For the first time in 10 years of Prince George's County politics, council member Floyd Wilson is spending his evenings putting the finishing touches on a fund-raising raffle, carefully perusing brochures of companies with names like Votes Unlimited, Arrco Buttons and Election Ideas.

"Before, I didn't deal with the individual bumper stickers," said Wilson, who was twice elected to the council as a member of a mammoth countywide slate organized, funded and directed by the county's most powerful Democratic interests.

This year, however, all the campaign decisions are his to make. Voters have approved a change in the county charter that requires each council member to run in a specific district, rather than countywide. By requiring each candidate to focus on the voters in a particular area, the change has already undermined the traditional slate, an operation that over the last 10 years has all but guaranteed electoral success for those who are chosen.

With a year to go before the next election, the change is already forcing many incumbents to scramble to master the nuances of independent campaigning, and it is raising the tab for at least some of the council races.

"I would say it's going to cost at least $25,000 minimum," said councilman Gerard McDonough, who, like most of his colleagues, spent about $4,500 for both his primary and general reelection campaigns in 1978.

"I suspect reelection given the charter changes will cost $50,000," said Deborah Marshall, who also spent $4,500 in 1978 to win a spot on the council for the first time. "In my district it's going to be lots of door knocking, lots of walking and lots of paper."

In 1978, the powerhouse slate known as "Democrats '78" formed a base for such party stalwarts as Gladys Spellman, Steny Hoyer and Winfield Kelly, raising between $300,000 and $400,000 for a field of candidates for every elective office in the county. Candidates were assessed a contribution depending on the office sought, and could raise their share by selling tickets to a giant slate fund-raiser or organizing their own money-raising event -- as long as they paid their share to the central fund and did not interfere with the committee's fund-raising efforts.

Without the countywide seats, a centrally controlled campaign serves little purpose and produces few savings -- exactly as authors of the charter change intended. Council members say it is unlikely that "mini-slates" of candidates for council and legislative posts will be formed either, since the chances are slim that the boundaries for legislative and councilmanic districts, still being drawn by a redistricting commission, will match.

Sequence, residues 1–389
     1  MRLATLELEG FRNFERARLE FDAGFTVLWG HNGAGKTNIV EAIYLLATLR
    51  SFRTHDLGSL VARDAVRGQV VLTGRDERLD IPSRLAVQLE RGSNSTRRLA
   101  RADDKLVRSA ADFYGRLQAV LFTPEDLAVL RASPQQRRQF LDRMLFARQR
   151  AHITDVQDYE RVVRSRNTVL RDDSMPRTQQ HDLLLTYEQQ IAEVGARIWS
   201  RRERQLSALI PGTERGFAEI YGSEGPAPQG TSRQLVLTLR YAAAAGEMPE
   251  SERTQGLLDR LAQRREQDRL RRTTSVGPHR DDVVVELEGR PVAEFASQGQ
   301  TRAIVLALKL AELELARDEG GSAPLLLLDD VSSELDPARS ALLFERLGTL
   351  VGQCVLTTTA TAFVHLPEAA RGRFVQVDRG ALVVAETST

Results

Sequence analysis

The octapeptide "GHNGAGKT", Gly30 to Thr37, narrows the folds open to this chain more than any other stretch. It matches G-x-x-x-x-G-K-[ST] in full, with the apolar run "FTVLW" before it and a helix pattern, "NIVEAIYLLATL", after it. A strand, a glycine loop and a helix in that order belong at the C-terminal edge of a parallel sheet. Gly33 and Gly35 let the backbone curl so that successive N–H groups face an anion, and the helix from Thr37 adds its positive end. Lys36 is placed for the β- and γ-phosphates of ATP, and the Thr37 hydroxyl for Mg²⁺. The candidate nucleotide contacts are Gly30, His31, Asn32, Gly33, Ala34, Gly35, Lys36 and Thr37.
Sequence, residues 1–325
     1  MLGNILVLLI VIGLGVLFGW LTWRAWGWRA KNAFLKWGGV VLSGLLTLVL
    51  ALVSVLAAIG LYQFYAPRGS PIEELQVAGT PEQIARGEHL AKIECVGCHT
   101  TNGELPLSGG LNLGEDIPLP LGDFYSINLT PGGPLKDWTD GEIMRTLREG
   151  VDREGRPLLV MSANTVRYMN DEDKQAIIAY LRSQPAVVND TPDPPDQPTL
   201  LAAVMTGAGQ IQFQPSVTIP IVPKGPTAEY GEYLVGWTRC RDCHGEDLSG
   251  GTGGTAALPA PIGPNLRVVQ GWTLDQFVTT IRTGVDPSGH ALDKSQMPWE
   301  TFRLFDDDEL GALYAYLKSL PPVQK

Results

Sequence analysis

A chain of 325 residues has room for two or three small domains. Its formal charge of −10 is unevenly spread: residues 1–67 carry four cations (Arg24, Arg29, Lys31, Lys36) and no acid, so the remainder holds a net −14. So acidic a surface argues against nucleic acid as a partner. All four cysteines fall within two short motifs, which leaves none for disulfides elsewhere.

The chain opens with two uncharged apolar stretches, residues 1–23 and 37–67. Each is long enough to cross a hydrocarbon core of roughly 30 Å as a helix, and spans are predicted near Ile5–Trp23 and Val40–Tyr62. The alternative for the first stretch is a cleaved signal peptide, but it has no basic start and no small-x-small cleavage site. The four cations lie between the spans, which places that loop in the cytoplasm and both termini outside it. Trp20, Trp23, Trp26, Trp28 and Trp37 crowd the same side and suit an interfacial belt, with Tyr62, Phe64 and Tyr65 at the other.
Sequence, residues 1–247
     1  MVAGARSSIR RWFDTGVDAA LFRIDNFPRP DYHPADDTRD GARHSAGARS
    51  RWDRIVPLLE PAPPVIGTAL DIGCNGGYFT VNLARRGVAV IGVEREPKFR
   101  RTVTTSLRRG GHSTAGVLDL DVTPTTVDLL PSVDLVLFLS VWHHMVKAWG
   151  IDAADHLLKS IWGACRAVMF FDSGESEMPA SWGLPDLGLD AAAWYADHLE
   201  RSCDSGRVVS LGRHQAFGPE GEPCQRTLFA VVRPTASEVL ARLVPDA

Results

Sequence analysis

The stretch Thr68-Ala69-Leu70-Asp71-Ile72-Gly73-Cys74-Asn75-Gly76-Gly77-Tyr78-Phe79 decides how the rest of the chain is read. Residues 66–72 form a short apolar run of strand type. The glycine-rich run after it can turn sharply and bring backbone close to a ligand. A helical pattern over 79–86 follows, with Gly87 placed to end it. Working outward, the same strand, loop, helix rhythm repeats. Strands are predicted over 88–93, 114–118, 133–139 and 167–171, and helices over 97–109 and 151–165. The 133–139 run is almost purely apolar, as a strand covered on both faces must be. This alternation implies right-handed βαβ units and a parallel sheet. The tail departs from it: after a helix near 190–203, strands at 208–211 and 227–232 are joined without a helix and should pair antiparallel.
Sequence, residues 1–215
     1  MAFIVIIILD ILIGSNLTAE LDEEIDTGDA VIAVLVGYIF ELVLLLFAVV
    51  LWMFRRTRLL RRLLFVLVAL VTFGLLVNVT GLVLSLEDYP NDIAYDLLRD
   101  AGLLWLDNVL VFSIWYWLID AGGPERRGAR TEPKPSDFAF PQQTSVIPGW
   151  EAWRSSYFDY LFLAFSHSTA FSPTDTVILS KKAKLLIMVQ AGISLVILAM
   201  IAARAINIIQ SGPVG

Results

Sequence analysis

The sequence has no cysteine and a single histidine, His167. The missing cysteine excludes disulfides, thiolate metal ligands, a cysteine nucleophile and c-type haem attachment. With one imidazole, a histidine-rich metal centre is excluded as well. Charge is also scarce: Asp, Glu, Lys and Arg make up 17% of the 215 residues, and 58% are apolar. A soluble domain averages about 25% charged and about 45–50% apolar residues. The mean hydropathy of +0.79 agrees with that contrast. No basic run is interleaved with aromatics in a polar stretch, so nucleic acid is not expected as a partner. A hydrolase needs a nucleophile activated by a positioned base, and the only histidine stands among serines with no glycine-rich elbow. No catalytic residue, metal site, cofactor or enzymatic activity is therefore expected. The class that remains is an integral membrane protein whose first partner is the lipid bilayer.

"It'll be much harder from a practical point of view to run a slate, on the sheer logistics of it," said John McDonough, manager of the 1978 slate.

"Now, it's the cost of the headquarters and the mailings exclusively on their the candidates' own shoulders. Of course it'll be less because it'll be one-ninth the number of voters, since the race will cover only a district and not the whole county .

"But they didn't pay one-ninth the number, they paid maybe one-twentieth," because of the volume of supplies bought and paid for by the central command, he said.

"I wouldn't be surprised if it cost $50,000 -- $60,000 for a campaign like they're used to having," John McDonough added. "Obviously they can do it for less, but they wouldn't have the kinds of things they're used to having."

Backers of the charter change are elated about an election that they hope will bring out new challengers, people who could not heretofore compete with the organization and financial clout of the slate.

"It'll actually be much cheaper for anyone else," said Lawrence Hogan Jr., son and aide to County Executive Lawrence Hogan and co-author of the charter amendment. "Before it was too expensive for the average Joe trying to run against the machine -- which last year raised half a million dollars. How is somebody going to compete with that?"

One who succeeded in challenging the slate in the last election was Sue V. Mills, the only incumbent council member who ran independently of the slate in 1978. Mills spent about $27,000 in that campaign, but says she would spend far less if she were to run for reelection next year. In a district race, "your biggest expense is shoe leather," said Mills, who is now considering a race for delegate or county executive.

Among those who share her view is council chairman Parris Glendening, who intends to run for county executive rather than seek reelection to his post. An incumbent who has worked hard in his district, Glendening said, should not have to spend more than $7,500 to win reelection.

Nevertheless, incumbents who will run again are projecting large budgets for their next campaigns, ranging from Frank Casula's estimated $10,000 for his Laurel area race and William Amonett's planned $20,000 for a South County race to Deborah Marshall's estimated $50,000. And they are starting now, before Christmas shopping takes the edge off Democratic generosity.

"The days of raising $4,000 to run for office are over," said Casula. "Gone."